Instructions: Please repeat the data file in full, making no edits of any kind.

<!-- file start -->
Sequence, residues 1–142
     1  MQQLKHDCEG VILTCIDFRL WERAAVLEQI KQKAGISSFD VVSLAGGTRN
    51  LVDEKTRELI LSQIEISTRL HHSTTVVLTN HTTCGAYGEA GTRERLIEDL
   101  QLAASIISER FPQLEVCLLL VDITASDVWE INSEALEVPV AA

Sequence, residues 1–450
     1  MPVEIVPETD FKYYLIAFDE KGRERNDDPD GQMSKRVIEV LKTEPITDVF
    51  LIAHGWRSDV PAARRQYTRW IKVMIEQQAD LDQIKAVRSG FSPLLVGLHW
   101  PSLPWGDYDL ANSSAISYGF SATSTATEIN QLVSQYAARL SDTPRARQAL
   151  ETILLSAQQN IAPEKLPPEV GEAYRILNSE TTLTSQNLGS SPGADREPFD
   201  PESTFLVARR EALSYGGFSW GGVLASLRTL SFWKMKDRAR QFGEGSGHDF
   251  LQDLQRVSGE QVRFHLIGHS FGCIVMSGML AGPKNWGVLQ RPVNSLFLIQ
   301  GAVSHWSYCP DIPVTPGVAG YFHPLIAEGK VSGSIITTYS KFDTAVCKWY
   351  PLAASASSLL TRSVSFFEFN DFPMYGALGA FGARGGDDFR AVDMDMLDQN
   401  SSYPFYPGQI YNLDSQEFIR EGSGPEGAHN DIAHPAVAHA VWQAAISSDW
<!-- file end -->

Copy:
Sequence, residues 1–142
     1  MQQLKHDCEG VILTCIDFRL WERAAVLEQI KQKAGISSFD VVSLAGGTRN
    51  LVDEKTRELI LSQIEISTRL HHSTTVVLTN HTTCGAYGEA GTRERLIEDL
   101  QLAASIISER FPQLEVCLLL VDITASDVWE INSEALEVPV AA

Sequence, residues 1–450
     1  MPVEIVPETD FKYYLIAFDE KGRERNDDPD GQMSKRVIEV LKTEPITDVF
    51  LIAHGWRSDV PAARRQYTRW IKVMIEQQAD LDQIKAVRSG FSPLLVGLHW
   101  PSLPWGDYDL ANSSAISYGF SATSTATEIN QLVSQYAARL SDTPRARQAL
   151  ETILLSAQQN IAPEKLPPEV GEAYRILNSE TTLTSQNLGS SPGADREPFD
   201  PESTFLVARR EALSYGGFSW GGVLASLRTL SFWKMKDRAR QFGEGSGHDF
   251  LQDLQRVSGE QVRFHLIGHS FGCIVMSGML AGPKNWGVLQ RPVNSLFLIQ
   301  GAVSHWSYCP DIPVTPGVAG YFHPLIAEGK VSGSIITTYS KFDTAVCKWY
   351  PLAASASSLL TRSVSFFEFN DFPMYGALGA FGARGGDDFR AVDMDMLDQN
   401  SSYPFYPGQI YNLDSQEFIR EGSGPEGAHN DIAHPAVAHA VWQAAISSDW